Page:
The issue of advising vs. counseling is often a community college issue. As mentioned above, the Self-contained Model of advising often uses professional counselors to do all academic advising as well as counseling. On campuses with a faculty based advising system there are often counselors to provide the career, transfer and personal counseling that goes beyond the traditional advising responsibilities. On other campuses, there will often be professional academic advisors as well as counselors, with a similar break down of responsibilities. Recently there have been numerous tales of institutions eliminating their counselors and hiring more advisors. This may be a cost cutting measure as counselors often have masters degrees as well as advanced professional certification in their field. The issue is one of definition of responsibilities - what is the role of the advisor and what is the role of the counselor. If counselors are eliminated, who will pick up on their responsibilities, particularly in the area of personal counseling. Students are coming to community colleges with more and more personal issues - substance abuse, prior incarceration, abusive relationships to name a few - these get in the way of their ability to be successful in college. While referral to outside agencies should always be considered, a student in crisis needs assistance immediately. There need to be counselors with the appropriate training to work with them. Advisors typically don't have the background to be able to provide that assistance.
Professional advisors vs. faculty advisors
With increasingly tight budgets, many institutions that have traditionally used professional advisors are moving toward faculty-based advising delivery systems, because they are less expensive. I have always advocated for advising models that use a combination of delivery systems because each brings different strengths. Professional advisors have student development backgrounds, advising is their priority, they are typically housed in a central location with easy accessibility, they are trained to advise across all program areas, and they are trained to work with students who are exploratory or developmental. Faculty bring the valuable expertise related to program and courses, and if they teach in a career oriented program they may also bring expertise related to the job market. Consequently, advising models that view advising as a shared responsibility and that use a combination of delivery systems, build on the strengths of each. Given the complexity of our programs and the increasing diversity of our students, it is unrealistic to expect one group to be able to do it all. Also, it is critical that institutions moving to a greater use of faculty advisors have faculty buy-in. If they do not, students will not be well served.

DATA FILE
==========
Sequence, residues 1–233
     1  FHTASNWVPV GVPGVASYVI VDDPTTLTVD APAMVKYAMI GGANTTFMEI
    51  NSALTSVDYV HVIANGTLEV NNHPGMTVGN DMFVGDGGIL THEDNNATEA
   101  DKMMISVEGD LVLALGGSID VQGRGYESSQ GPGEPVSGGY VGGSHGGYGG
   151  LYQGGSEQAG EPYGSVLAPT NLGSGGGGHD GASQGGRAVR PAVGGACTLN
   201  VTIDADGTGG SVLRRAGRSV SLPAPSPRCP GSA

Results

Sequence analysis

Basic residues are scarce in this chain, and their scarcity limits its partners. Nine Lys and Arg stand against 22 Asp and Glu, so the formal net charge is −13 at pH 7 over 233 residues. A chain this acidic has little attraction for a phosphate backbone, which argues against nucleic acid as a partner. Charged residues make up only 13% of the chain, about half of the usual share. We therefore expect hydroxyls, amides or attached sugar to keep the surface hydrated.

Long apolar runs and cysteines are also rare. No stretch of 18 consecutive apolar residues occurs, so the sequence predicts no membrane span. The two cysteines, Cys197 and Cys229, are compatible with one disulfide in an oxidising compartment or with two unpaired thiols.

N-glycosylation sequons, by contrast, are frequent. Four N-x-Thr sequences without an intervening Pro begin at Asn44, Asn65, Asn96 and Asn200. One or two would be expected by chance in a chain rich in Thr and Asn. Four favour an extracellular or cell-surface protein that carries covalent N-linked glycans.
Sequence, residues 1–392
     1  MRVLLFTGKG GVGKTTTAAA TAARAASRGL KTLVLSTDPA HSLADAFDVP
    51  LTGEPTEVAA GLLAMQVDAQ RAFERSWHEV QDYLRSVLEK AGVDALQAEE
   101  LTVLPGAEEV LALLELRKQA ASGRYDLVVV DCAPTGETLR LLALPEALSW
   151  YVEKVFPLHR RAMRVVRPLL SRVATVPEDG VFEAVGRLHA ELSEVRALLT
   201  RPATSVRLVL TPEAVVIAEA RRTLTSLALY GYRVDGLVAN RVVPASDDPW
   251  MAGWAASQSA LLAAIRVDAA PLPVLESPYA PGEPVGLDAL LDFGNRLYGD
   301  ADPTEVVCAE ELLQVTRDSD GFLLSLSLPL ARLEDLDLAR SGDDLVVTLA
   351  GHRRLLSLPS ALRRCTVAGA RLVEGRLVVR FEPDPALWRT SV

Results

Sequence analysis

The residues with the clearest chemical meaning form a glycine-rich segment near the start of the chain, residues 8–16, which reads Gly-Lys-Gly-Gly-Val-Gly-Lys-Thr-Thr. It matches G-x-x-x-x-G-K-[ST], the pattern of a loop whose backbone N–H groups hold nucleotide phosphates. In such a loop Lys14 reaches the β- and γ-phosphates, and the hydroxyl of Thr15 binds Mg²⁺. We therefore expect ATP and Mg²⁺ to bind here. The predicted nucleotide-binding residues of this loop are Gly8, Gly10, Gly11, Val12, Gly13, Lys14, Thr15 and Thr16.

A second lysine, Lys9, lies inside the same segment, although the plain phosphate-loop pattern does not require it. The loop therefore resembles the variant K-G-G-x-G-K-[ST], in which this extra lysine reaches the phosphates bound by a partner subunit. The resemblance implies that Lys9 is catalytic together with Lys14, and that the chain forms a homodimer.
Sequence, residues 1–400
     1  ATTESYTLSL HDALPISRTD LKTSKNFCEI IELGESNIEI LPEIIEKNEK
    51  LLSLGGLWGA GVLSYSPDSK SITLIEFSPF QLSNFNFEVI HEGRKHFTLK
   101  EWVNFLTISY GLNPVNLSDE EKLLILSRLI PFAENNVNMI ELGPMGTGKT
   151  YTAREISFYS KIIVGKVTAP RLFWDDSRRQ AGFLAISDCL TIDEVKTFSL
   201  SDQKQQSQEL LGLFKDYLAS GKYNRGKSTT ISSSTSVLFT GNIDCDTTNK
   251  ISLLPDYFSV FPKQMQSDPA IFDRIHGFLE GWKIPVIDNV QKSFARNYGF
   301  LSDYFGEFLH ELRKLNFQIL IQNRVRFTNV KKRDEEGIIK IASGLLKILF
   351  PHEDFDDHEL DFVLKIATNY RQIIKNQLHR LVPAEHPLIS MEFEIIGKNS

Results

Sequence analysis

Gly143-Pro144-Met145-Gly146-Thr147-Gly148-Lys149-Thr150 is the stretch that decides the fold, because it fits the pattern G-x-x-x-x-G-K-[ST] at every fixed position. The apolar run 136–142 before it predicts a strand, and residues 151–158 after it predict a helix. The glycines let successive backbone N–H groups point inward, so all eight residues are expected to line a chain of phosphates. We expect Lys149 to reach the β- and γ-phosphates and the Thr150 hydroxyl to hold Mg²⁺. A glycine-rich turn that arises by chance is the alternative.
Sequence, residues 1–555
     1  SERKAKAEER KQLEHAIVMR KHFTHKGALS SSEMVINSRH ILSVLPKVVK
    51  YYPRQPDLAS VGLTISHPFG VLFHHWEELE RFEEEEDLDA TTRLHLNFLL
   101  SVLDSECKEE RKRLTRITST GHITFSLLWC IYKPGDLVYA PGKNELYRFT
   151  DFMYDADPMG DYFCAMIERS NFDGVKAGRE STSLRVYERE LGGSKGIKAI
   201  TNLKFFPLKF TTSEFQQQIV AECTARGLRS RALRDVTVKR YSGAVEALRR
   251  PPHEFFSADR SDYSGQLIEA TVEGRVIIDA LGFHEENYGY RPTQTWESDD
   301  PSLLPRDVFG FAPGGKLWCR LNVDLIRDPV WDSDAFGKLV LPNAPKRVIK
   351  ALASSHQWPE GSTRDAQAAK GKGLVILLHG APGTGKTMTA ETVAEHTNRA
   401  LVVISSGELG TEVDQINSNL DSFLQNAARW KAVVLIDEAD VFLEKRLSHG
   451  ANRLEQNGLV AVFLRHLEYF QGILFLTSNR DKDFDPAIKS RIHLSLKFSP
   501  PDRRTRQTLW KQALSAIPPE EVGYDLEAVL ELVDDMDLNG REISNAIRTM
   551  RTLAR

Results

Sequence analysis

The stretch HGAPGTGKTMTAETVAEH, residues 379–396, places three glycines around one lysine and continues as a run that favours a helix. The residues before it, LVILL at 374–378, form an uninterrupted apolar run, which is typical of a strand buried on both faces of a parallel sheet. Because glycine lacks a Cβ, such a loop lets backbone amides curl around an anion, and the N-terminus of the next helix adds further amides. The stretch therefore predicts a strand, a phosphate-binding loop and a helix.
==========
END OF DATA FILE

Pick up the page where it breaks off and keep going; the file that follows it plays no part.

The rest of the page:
Community College Advising
Margaret C. 'Peggy' King
Retired, Schenectady County Community College
References and Suggested Readings:
Frost, S. H. (1991) Academic Advising for Student Success: A System of Shared Responsibility. ASHE;ERIC Higher Education Report #3. Washington, DC: The George Washington University.
Frost, S. H. (1991) . ASHE;ERIC Higher Education Report #3. Washington, DC: The George Washington University.
Gordon, V.N. & Habley, W.R. (2000) Academic Advising: A Comprehensive Handbook. San Francisco: Jossey Bass.
Hankin, J.N. (1996) The Community College: Opportunity and Access for America's First Year Students. University of South Carolina: The National Resource Center for the First Year Experience and Students In Transition.
King, M.C. (1993) Academic Advising: Organizing and Delivering Services for Student Success. New Directions for Community Colleges #82. San Francisco: Jossey Bass.
Upcraft, M.L. & Kramer, G.L. (1995) First Year Academic Advising: Patterns in the Present, Pathways to the Future. University of South Carolina: The National Resource Center for the First Year Experience and Students In Transition.
Center for the Study of Community Colleges
Cite using APA style:
King, M.C. (2002).Community college advising. Retrieved from NACADA Clearinghouse of Academic Advising Resources Web site http://www.nacada.ksu.edu/tabid/3318/articleType/ArticleView/articleId/131/article.aspx.